In The Lobster, David (Colin Farrell), upon being abandoned by his wife for another man, attends a hotel in which he must fall in love in 45 days or else be turned into an animal of his choosing. The movie is as surreal as the premise sounds, but it is also something beyond the mere surreal, which is an alleyway that can quickly lead to becoming a gimmick.
Director Yorgos Lanthimos’ usual brand of awkward yet matter-of-fact line readings dominate The Lobster. Characters present so much on their face while still concealing seemingly everything. At face value, the script utilizes no subtext whatsoever, but this is just Lanthimos’ way. The subtext is to be found in how simultaneously natural and unnatural the film is. The characters are robots yet distinctly human through the recognizable neuroses that label them.
Visually, the film is stunning. Each shot has something poignant to it, even while the entire film holds an austere quality to it. Symmetrical compositions within the confines of the hotel present a world of order in a simple yet elegant way, and these sets are unsettling given the distinct lack of order that is actually to be found in the world of the film. One hunting scene in particular stands out as a gorgeous visual composition, where slow motion, soundtrack, and lighting are used to beautiful effect.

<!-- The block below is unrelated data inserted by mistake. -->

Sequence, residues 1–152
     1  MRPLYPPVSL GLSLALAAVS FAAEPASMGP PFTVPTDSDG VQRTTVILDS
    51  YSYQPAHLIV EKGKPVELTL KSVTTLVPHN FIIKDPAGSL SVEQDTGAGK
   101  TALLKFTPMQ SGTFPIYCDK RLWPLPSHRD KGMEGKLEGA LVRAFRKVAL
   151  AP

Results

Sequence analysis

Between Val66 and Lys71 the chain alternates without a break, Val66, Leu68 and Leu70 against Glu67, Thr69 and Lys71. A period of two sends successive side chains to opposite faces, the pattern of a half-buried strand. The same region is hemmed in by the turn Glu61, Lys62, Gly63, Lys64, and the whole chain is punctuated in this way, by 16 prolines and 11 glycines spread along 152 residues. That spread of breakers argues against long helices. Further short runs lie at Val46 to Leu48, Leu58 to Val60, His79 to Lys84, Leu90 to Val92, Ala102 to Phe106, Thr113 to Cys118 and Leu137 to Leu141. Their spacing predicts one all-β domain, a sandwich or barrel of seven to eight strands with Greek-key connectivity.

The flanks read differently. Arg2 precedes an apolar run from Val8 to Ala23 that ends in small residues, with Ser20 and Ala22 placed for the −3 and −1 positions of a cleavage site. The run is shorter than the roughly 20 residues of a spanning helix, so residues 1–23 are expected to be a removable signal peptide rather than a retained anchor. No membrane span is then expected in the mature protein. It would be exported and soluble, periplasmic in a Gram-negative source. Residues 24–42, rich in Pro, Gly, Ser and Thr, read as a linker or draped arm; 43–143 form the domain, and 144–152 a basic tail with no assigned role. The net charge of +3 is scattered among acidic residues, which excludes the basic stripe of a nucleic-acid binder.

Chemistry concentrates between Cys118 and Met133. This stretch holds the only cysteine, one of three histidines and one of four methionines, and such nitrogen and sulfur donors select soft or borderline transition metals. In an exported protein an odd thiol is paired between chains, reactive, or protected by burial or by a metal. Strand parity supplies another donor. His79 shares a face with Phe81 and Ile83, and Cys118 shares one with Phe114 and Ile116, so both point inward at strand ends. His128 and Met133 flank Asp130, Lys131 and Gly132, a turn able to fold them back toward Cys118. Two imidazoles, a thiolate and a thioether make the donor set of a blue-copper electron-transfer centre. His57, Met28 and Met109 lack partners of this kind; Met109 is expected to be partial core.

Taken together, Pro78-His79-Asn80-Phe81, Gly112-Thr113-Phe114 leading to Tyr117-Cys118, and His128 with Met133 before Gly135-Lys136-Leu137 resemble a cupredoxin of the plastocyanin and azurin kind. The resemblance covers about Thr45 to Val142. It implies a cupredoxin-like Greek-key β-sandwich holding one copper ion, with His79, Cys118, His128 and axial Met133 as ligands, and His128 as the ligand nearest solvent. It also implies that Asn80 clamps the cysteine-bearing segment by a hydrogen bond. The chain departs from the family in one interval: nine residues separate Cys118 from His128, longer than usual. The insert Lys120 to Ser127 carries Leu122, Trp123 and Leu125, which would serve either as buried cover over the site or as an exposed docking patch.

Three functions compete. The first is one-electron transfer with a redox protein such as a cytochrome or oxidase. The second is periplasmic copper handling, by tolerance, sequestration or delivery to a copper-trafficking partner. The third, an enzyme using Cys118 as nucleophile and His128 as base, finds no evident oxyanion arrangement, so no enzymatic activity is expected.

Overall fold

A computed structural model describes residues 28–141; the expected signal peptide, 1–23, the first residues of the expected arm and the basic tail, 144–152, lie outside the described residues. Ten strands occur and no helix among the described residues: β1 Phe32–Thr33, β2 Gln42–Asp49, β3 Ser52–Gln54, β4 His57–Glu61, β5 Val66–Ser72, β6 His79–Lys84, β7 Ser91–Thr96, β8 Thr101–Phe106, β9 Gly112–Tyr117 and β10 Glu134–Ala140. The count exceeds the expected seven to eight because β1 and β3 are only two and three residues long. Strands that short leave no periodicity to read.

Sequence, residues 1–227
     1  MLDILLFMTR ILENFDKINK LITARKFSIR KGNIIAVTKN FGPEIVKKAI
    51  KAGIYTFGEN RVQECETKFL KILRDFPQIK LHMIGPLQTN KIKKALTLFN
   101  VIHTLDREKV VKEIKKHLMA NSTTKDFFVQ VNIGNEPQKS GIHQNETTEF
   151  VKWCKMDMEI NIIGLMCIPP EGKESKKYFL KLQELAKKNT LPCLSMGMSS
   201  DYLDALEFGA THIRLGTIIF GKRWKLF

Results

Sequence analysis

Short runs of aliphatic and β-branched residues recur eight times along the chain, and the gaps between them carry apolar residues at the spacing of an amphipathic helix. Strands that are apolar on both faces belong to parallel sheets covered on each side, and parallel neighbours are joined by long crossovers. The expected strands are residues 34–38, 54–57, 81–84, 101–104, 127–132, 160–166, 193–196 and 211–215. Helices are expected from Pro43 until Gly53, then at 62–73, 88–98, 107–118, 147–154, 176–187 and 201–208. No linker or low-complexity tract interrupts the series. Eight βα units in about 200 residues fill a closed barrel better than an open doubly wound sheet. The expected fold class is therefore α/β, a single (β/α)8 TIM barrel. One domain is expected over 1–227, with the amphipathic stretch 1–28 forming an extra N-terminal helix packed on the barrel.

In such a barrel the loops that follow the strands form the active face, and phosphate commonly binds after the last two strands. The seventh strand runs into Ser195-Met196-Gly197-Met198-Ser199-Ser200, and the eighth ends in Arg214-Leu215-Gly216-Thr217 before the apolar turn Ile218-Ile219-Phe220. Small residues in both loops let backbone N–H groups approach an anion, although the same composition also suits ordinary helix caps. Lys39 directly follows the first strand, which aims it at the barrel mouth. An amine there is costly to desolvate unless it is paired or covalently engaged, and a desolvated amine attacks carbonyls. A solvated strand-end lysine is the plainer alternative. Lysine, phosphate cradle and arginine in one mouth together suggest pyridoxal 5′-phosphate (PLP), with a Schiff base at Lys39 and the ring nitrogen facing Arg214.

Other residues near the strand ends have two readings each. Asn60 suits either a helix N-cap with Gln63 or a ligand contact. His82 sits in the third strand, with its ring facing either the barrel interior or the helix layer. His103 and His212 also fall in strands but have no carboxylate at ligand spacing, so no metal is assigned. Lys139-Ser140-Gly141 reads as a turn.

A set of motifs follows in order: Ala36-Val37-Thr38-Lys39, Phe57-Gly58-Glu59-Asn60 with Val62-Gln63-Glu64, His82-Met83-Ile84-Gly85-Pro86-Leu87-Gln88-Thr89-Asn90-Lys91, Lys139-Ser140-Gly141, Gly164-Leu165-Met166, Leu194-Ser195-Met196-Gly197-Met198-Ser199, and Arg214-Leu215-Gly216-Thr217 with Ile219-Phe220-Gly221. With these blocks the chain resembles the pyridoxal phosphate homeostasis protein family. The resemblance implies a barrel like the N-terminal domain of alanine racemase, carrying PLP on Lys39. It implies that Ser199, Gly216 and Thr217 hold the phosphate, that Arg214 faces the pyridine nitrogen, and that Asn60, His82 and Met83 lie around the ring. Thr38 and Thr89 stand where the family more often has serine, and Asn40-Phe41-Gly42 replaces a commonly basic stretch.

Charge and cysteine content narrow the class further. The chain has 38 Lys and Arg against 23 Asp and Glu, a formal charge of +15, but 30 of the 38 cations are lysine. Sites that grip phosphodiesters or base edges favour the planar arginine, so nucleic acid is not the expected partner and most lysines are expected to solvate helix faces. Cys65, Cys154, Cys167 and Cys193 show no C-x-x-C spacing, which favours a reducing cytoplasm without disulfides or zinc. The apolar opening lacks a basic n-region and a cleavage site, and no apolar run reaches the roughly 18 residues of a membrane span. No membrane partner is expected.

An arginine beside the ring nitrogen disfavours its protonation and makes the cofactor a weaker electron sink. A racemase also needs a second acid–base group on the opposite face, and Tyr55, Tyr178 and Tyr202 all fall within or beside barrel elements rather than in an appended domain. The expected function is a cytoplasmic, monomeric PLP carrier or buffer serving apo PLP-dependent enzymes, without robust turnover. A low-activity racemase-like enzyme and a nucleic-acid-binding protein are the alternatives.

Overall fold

The Lobster is not so much a film about love as it is a film about desperation and the arbitrary things that we use to define our connections with other people. The rumination within David is not about understanding what it takes to find someone, it is about the struggle to find compatibility in a world where compatibility is superficial but mandatory. The film makes comedy out of the apathy inherent in this realization, but it does not make light of it. This is both the strongest aspect of the film thematically and the aspect that will likely prove most polarizing in audiences (this, or the blunt scenes of violence and sexuality).
The Lobster is a beautiful piece, lush with a winding string score and full yet austere visual compositions. Farrell leads the charge with an uncharacteristically quiet performance, and the introspective script bolsters the film beyond being a mere art experiment.
As surreal as the world of the narrative is, it bristles at the edges with an obscure humanity, the awkward reality present in every conversation, as opposed to the overly natural conversation found in mainstream scripts. The balance here is off some, where the surreality may prove a huge turn off for the average film-goer, but it makes for a grim delight for fans of dark comedy.
The Lobster may be the strangest love story I’ve ever seen put to film, and it is picturesque. Composed beautifully and executed with little fault, The Lobster is a film of extraordinary achievement.
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—Alex Brannan (@TheAlexBrannan)